Two volumes in. One third of the way through this extremely long work, or series, or whatever it is. And it's hard to pinpoint what exactly it is that's keeping me interested. I am, but it's hard to say why. It's not the plot - there is barely any. It's in translation, so I'm sure I'm missing some of the nuance of the original. It's not so much the characters - other than the main one, the others are mostly sketches, and the main character is self-absorbed to the point of being irritating.
There is something here, a richness of prose, a capturing of small moments, a lingering on the everyday that is exquisite. He describes moments I recognize but have never seen in prose. He describes moments far outside my experience. And deftly, weaves them all into the tapestry of a life. Even if it isn't an exciting life, or so far, a particularly productive one. There is the feeling here that all lives are worthy of notice, no experience too evanescent or frivolous or fleeting to evade his pen.
So far, however, the narrator is a very self-absorbed young man. Within a Budding Grove chronicles his love for Gilberte, the daughter of Swann and Swann's wife, Odette, a former kept woman turned wife, whose past keeps her from the best society. And then, after that relationship has soured, it turns to his stay on the seashore, and his subsequent attraction to Albertine.
But it's mostly about the narrator. It's interesting, his insistence on being sensitive, and yet how far away that is from my own experience of being sensitive. For him, it takes the form of an almost total self-absorption, a fixation on his own body and his own emotions. While I can't plead innocence from thinking about myself, my experience has been more weighted towards an oversensitivity to the emotions of those around me, which is not what the narrator here experiences. In fact, he often assumes things about the people he's talking about based on his own expectations which the narration undercuts.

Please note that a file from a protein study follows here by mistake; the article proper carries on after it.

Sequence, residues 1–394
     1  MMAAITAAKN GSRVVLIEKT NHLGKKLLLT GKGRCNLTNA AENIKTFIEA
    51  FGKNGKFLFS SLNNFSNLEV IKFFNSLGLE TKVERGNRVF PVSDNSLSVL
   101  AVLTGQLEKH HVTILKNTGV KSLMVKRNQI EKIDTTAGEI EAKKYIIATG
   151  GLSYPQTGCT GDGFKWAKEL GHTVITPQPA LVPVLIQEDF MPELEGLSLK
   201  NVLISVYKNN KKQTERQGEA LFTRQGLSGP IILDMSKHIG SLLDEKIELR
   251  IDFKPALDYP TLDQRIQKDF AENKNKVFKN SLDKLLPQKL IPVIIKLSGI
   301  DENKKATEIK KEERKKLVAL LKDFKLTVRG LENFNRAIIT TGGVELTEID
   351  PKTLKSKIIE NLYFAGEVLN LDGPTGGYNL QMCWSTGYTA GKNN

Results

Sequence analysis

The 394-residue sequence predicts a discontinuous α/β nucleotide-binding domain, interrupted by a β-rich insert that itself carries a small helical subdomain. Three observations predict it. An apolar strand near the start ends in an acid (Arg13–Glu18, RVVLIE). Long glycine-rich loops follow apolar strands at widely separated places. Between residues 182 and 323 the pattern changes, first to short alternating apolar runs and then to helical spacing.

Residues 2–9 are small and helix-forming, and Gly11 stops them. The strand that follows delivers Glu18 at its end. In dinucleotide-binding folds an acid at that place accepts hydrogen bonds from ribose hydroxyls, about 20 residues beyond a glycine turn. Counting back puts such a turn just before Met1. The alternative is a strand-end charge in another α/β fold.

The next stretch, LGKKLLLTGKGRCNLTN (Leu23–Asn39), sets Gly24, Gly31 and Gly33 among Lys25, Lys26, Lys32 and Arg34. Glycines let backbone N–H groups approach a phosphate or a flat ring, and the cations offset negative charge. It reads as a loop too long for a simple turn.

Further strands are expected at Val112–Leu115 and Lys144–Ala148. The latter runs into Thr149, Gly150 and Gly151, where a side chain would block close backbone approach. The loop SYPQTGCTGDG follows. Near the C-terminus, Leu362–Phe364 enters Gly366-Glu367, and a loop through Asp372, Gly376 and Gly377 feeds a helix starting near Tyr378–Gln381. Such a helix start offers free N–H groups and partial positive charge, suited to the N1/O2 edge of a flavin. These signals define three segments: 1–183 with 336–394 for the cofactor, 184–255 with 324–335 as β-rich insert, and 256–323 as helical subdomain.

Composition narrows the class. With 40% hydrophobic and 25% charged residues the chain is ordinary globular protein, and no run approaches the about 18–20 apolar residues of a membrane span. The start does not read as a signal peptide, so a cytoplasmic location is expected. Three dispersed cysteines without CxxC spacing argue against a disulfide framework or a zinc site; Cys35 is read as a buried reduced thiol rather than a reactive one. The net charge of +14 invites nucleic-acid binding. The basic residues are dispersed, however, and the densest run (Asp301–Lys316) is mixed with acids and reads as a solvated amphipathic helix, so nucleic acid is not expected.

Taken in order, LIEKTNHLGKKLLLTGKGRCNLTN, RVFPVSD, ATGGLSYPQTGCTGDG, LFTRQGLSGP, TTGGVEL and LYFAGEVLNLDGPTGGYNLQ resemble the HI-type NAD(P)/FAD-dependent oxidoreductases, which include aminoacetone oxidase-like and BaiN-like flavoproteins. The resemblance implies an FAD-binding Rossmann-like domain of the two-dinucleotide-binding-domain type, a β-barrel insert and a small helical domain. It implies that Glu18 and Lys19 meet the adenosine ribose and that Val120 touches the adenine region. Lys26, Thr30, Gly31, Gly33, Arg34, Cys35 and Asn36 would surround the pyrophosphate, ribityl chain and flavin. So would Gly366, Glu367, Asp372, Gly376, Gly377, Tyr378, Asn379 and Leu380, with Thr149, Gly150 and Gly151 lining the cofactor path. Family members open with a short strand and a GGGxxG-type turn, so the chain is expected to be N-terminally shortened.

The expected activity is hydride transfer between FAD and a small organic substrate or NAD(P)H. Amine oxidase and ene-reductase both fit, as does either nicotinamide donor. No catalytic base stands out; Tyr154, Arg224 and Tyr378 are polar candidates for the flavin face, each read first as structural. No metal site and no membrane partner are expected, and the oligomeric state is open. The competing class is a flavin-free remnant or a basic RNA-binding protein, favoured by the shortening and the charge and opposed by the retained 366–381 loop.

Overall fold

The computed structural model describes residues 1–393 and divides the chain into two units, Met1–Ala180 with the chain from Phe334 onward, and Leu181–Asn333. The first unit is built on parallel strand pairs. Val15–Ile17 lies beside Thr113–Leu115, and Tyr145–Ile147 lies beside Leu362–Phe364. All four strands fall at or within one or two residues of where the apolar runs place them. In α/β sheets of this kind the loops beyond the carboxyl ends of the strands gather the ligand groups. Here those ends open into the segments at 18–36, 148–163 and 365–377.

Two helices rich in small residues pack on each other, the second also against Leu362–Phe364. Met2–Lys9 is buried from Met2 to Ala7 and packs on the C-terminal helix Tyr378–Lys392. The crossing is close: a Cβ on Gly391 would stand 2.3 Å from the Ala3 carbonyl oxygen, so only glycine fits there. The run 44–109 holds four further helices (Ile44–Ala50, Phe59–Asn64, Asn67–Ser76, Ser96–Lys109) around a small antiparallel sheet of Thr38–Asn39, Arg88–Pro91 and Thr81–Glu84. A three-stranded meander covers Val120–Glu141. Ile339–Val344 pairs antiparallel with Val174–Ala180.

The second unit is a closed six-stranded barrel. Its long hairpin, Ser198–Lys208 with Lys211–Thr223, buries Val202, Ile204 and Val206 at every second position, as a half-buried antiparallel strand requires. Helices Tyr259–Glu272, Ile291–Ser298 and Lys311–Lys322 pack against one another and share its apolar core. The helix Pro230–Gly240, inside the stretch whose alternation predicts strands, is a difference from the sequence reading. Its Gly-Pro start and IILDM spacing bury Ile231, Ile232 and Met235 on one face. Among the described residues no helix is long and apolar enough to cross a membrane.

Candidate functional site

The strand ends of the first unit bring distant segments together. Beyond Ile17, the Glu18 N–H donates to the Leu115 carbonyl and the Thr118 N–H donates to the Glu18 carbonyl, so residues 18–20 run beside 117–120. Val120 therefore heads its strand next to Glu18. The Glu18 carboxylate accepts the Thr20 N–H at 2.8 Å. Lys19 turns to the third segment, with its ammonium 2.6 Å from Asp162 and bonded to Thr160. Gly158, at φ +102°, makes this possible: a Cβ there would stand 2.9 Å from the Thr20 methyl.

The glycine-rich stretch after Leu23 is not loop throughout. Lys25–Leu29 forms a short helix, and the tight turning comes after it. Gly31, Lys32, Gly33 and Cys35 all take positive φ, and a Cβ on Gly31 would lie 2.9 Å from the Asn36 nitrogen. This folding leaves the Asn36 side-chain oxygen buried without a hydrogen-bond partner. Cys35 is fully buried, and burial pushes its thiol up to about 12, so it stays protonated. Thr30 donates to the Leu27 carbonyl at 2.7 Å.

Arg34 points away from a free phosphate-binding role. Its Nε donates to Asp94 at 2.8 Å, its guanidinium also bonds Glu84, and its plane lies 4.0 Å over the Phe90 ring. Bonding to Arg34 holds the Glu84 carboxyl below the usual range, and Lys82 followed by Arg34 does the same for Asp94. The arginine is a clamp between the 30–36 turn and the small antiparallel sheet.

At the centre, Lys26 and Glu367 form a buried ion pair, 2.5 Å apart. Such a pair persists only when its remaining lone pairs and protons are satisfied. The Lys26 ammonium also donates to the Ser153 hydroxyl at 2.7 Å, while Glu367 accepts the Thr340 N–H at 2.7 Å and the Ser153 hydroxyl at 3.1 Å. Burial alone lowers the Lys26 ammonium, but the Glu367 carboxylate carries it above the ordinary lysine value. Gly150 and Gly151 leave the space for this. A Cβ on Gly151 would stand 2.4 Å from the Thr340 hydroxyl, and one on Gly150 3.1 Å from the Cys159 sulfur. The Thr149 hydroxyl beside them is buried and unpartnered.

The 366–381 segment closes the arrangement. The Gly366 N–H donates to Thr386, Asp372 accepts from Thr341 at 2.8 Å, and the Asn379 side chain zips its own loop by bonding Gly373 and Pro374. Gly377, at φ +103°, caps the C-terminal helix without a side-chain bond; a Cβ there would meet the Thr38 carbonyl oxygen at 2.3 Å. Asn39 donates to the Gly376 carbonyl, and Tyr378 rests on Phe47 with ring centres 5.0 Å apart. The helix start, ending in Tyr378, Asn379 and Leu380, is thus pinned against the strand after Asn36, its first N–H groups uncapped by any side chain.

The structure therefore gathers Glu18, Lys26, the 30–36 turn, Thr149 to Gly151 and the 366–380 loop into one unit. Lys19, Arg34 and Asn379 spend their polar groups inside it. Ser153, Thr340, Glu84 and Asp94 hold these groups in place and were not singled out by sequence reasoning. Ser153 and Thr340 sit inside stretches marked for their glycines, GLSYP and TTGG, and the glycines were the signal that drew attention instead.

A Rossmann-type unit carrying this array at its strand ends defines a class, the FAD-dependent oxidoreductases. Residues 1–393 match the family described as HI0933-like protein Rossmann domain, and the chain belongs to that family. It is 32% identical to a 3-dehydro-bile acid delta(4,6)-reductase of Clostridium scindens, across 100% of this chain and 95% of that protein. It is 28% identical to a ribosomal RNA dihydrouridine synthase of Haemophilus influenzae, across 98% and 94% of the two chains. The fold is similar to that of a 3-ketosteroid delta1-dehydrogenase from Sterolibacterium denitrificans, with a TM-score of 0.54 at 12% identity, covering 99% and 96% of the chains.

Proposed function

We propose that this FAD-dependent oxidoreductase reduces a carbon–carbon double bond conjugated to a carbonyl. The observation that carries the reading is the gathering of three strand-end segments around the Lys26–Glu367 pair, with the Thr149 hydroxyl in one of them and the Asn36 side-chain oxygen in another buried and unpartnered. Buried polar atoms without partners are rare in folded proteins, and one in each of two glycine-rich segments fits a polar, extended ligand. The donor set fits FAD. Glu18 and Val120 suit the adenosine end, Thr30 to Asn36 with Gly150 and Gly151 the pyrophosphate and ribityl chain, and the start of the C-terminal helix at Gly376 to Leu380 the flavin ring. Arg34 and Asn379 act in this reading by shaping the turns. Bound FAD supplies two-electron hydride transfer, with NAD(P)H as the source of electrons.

It's a strange mixture of callow and oversensitive. And he blunders around, not being a very good friend, being too obvious as a suitor, missing many of the social nuances around him, which he, as a narrator, shakes his head over ruefully, obviously looking back from a distance and wincing at the overeagerness of his youth. If the character verges on irritating, the narrator, who is and is not the same person, puts it all into context that makes it more bearable.
There are also a lot of interesting bits in here about class consciousness, nobility and merchant class, and the ways in which each mistakes the perceptions of the other, expecting them to be the same as their own. So the middle-class dismisses the conscious simplicity of dress of the aristocracy as a sign of poverty, while the aristocrats assume the middle-class knows exactly who they are and are paying them all due homage.
I feel like I've done an inadequate job of capturing this book, and the greater work as a whole. But it's hard to get a grasp on. And I'm enjoying my leisurely trek through its pages.